Ask Orenstein: Poker is a Great Game for Both Young and Old
Yesterday Poker Hall of Famer Henry Orenstein reached the final table of the Event #61: $10,000 Seven-Card Stud Championship, ultimately finishing in eighth place after being eliminated in a hand against another member of the Poker Hall of Fame, Phil Hellmuth.
Hellmuth would go on to finish sixth in the event, while Matt Grapenthien would eventually take the title after besting Todd Brunson heads-up.
While we all know Hellmuth’s large collection of WSOP bracelets helped earn his spot in the Poker Hall of Fame, Orenstein’s accomplishments and contributions to poker may not be as familiar to most. Besides winning a bracelet in 1996 in a seven-card stud event, Orenstein patented the hole card camera which proved such an important contribution to the rise in popularity of televised poker.
Orenstein has lived an exceedingly fascinating life as a Holocaust survivor who immigrated to the United States from his native Poland, going on to become a toymaker and inventor with more than 100 patents to his name. He also had a primary role in the development of the Transformers series of toys which have remained popular for decades and have spawned several blockbuster films.
Yesterday PokerNews’ Jonathan Zaun had a chance to chat with the 90-year-old Orenstein, asking him a few questions about his interesting life. Check out what Orenstein had to say in “Henry Orenstein: The Holocaust Survivor and Inventor Who Forever Changed Poker.”
Meanwhile after his bustout yesterday Orenstein also took some time to visit for a while with David Tuchman during the WSOP.com live streaming presentation of the Event #61 final table. Their conversation was absorbing to listen to, and included more than a few insightful observations from Orenstein about the game of poker as he has viewed it over a long lifetime of playing the game.
“I always loved poker,” Orenstein began. “As a 10-year-old kid in Poland, I played poker with my friend who is still alive today, he lives in Australia. We played for little pennies... it was a five-card poker (game).”
“Then every time we’d watch a Western movie — what do you see the first scene? People playing poker at the table, and then a gun fight would start. So poker is something that was... real Americana. There are very few things that characterize America as much as poker, which is (about) adventure and taking chances. And that is what makes the country so great... taking chances. People come here, they have nothing to lose, and they try… and many of them succeed.”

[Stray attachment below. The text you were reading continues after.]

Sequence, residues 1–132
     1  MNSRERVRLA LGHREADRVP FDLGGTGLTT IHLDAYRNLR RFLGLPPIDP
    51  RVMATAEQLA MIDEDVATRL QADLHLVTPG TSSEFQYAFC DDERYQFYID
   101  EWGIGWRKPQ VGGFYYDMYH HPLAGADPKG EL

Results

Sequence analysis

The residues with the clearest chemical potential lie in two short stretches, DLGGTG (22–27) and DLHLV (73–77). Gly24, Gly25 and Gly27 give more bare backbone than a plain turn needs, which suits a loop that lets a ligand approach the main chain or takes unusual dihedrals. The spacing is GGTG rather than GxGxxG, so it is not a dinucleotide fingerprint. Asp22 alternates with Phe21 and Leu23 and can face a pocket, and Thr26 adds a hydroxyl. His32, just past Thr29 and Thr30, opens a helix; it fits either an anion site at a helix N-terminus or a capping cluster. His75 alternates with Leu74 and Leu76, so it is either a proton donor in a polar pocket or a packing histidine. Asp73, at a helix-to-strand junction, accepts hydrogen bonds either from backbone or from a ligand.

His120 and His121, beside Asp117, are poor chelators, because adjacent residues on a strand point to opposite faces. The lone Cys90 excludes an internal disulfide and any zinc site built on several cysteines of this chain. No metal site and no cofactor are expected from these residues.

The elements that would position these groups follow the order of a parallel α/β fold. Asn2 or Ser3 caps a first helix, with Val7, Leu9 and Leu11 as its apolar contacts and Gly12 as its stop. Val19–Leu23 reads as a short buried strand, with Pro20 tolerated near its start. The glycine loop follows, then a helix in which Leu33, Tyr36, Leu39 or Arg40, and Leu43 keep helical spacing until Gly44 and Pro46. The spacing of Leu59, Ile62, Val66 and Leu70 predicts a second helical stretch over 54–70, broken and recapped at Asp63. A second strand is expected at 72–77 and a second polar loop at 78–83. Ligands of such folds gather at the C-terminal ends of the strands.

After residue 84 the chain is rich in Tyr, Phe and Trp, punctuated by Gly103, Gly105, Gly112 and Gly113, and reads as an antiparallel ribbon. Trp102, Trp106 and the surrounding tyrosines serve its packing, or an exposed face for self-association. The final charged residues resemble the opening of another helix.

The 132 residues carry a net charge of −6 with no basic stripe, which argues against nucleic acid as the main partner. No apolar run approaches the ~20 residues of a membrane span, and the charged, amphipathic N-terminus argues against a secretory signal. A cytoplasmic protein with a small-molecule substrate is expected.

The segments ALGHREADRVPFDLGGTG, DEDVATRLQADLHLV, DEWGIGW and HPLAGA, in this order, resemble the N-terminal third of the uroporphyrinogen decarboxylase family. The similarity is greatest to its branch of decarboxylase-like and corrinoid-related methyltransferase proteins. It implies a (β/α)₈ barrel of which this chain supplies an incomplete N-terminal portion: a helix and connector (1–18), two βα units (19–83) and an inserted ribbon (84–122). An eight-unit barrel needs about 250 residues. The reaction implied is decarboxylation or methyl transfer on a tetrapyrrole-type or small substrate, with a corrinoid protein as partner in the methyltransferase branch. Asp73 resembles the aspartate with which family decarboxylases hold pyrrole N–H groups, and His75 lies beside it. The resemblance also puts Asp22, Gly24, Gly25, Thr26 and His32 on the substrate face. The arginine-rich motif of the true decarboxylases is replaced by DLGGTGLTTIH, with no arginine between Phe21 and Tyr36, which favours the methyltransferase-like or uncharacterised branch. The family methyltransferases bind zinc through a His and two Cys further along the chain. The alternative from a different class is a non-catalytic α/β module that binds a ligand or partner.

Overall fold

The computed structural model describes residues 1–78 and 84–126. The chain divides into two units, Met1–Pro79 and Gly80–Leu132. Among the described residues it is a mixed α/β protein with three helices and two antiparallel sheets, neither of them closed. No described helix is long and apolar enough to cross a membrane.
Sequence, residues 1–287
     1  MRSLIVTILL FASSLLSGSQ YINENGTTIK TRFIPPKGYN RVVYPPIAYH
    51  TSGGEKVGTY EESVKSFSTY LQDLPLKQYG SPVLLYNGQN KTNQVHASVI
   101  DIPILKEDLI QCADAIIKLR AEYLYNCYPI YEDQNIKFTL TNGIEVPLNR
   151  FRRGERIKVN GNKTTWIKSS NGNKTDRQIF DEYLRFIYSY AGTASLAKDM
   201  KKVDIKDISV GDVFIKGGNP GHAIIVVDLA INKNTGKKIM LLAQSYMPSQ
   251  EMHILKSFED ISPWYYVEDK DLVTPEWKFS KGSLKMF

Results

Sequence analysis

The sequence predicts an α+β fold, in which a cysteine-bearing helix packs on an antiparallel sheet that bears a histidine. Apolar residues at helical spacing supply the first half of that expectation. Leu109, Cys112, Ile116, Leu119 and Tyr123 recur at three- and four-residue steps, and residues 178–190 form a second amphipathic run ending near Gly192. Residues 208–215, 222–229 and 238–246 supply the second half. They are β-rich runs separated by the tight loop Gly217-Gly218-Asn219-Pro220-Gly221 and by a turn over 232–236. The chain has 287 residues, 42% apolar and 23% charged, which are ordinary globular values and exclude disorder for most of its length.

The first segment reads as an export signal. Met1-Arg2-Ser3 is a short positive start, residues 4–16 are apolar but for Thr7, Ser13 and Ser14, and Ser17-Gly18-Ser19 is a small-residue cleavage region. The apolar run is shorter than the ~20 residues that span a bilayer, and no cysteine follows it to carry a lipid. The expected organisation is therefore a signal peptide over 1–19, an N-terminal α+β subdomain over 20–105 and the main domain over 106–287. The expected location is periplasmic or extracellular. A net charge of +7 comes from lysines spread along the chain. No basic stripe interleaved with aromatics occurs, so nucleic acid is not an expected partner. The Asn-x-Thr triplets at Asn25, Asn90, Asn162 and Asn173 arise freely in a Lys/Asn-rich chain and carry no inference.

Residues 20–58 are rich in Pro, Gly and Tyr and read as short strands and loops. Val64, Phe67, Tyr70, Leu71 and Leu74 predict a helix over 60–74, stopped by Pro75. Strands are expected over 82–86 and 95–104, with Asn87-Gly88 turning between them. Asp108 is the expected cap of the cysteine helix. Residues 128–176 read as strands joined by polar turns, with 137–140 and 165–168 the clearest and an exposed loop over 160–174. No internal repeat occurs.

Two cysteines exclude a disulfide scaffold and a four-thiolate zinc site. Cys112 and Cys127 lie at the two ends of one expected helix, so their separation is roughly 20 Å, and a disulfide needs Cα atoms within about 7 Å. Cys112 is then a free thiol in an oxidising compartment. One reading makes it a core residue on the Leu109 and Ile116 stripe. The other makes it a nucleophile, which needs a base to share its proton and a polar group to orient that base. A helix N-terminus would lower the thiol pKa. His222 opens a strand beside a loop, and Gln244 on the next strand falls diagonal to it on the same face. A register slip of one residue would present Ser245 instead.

Here Orenstein sounds a theme I personally find especially interesting, namely, the unique way poker reflects American ideals and its culture — an appropriate topic to consider on this Fourth of July.
I’ve mentioned here before that I teach a college course called Poker in American Film and Culture in which we not only talk about those westerns to which Orenstein refers, but also that deep connection between poker and America. Thus did his comments about playing poker as a youth resonate with me in a couple of ways.
From there he related the amazing story of his escape from Nazi concentration camps and a few details of his work in the toy industry, then talked more poker including offering advice about the importance of bankroll management.
Then near the end of his visit he addressed one of the great positives of playing poker, especially at his advanced age — namely, the way the game works to keep our minds in good “shape.”
“The brain is probably a muscle like everything else,” he said. “If you don’t exercise your arms, you don’t have strong muscles. And I think the same thing holds true for the brain. If you sit there and do nothing with the brain — just watch things (or are) inactive — I think it causes atrophy and eventually the functions diminish. So if you keep active — and playing poker keeps you active all the time (thinking about) ‘what are the odds?’ or ‘what does the guy have?’ — I think that’s the best exercise that you can have, playing poker.
The WSOP is archiving all of its live streams, so you can visit their videos page where eventually they’ll be posting the stream from the Event #61 final table, if you’re curious to hear more from Orenstein’s visit which as mentioned came shortly after his elimination. The videos are great as well for learning strategy by following final table play and listening to the commentary by Tuchman and his many guests.
In any event, as Orenstein well attests, poker can be a great game for both young and old.